Maybe some of you read the same article that I did. According to the American Academy of Pediatrics more than one half of American babies are at risk for malnourishment. Quite a statistic for one of the wealthiest countries in the world. Does it have to be that way? Is our economic system so perverse that such high levels of poverty are inevitable? Or maybe, have we as a society made some decisions that have sent us down this path of suffering, inequality and greed instead of down a path of wellness, equality and community?
How can a country that claims to be “exceptional” allow the three wealthiest people to own as much as the bottom 50 percent of the population (according to a recent Pew Research study) and allow one-half of its children to be malnourished? Should it be this way?
In Door County where 7.7 percent of our neighbors live in poverty, we have luxurious condominiums, high-end clothing stores and expensive restaurants. We also have 37 percent of our school-age children receiving free or reduced cost school lunches (and where do those lunches come from when the schools are closed?) Is this the best way to do this?
Aside from the fact that we are talking about children, babies, and infants; we are also talking about the future of the country. In the first 1,000 days of life a baby’s IQ, propensity for obesity, the likeliness to suffer from hypertension and diabetes are determined. Accordingly the prospects for academic achievement and job success are also being formed. By not taking care of our children we are setting the stage for a troubled and expensive future for both those individuals and society as a whole. Does it have to be this way?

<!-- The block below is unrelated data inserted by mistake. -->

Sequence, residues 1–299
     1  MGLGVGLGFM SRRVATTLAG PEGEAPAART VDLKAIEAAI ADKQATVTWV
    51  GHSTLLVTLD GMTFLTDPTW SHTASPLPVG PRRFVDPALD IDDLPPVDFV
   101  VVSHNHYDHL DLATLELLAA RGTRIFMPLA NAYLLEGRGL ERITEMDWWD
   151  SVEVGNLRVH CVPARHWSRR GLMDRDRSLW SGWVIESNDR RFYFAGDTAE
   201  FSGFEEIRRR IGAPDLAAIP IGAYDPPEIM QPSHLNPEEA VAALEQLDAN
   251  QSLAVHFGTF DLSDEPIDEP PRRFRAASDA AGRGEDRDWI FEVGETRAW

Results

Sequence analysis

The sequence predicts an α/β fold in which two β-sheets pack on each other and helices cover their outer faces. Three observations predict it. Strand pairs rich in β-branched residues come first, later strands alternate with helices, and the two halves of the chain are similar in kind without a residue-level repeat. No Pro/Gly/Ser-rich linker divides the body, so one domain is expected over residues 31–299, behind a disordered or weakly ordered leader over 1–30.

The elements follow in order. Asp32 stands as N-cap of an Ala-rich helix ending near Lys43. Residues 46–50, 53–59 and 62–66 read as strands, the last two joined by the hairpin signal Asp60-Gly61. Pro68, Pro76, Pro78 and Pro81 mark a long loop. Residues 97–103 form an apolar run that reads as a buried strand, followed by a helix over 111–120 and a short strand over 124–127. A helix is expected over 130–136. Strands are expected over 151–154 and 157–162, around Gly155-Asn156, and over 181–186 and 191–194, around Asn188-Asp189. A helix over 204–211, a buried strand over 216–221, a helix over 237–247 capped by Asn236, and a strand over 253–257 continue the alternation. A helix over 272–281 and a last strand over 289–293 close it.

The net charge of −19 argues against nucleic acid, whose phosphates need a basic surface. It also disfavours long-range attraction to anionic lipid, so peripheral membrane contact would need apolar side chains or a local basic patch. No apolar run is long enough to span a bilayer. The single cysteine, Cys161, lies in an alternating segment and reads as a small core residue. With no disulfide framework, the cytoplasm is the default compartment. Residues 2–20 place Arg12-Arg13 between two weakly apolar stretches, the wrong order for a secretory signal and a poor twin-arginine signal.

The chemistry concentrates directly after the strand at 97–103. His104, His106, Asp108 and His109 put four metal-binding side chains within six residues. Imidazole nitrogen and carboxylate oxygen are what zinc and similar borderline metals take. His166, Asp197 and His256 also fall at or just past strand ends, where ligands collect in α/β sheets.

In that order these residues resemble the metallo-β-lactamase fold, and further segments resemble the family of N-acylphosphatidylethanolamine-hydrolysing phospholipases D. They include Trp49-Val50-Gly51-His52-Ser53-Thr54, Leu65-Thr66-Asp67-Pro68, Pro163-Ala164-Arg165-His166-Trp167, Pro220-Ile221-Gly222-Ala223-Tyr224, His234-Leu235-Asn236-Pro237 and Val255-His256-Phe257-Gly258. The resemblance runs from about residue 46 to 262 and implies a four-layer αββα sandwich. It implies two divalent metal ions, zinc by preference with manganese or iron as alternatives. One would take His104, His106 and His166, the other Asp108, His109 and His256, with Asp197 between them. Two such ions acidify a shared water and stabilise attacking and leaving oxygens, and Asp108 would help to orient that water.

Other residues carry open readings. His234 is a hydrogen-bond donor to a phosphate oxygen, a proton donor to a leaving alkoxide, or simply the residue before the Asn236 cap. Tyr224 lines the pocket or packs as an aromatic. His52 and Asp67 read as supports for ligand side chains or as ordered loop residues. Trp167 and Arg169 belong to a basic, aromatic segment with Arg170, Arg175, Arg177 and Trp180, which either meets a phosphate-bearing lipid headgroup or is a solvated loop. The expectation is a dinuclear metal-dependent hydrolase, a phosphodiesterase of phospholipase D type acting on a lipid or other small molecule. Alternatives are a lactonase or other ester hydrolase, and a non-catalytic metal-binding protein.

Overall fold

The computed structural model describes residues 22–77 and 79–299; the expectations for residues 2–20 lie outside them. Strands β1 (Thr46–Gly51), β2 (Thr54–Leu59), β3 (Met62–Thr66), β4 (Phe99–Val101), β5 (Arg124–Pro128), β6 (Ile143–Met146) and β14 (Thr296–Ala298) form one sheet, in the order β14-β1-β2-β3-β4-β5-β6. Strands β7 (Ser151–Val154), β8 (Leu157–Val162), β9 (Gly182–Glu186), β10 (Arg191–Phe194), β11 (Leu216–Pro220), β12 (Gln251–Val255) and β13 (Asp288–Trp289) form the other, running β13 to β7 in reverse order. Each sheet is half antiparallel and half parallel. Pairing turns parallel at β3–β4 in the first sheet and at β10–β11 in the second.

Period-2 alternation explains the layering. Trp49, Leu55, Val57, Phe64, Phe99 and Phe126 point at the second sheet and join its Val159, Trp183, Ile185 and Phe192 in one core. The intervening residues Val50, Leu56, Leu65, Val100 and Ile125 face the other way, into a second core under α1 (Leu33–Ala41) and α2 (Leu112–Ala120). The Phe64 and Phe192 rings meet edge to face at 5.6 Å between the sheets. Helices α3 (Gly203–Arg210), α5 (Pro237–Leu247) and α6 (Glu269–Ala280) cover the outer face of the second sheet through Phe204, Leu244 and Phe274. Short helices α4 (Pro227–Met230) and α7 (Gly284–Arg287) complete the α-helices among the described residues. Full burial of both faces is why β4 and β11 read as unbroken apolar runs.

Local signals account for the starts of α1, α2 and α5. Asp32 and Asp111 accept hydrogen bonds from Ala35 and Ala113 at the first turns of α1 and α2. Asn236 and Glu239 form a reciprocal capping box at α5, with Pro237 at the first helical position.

The average monthly food voucher under the Women, Infant and Children (WIC) program is $30 for a family of four. Republican Wisconsin Congressman and Speaker of the House Paul Ryan just applauded the Republican Tax Bill because it gave a young family a raise of $1.50 per week! He did not mention that the Koch Bros. will receive a $1.4 billion tax break because of this tax bill. We are not taking care of our children, their future, or even our future with this type of public policy. Our own Congressman Mike Gallagher has been relatively quiet about his “yes” vote on the so-called tax reform bill. We all should call or write him and ask him if he put the interests of Northeast Wisconsin children ahead of the interests of the Koch Bros. Ask for evidence of his actions. Hold him accountable. Our children and grandchildren are counting on us. It doesn’t have to be this way; we can do better.
Sister Bay, Wis.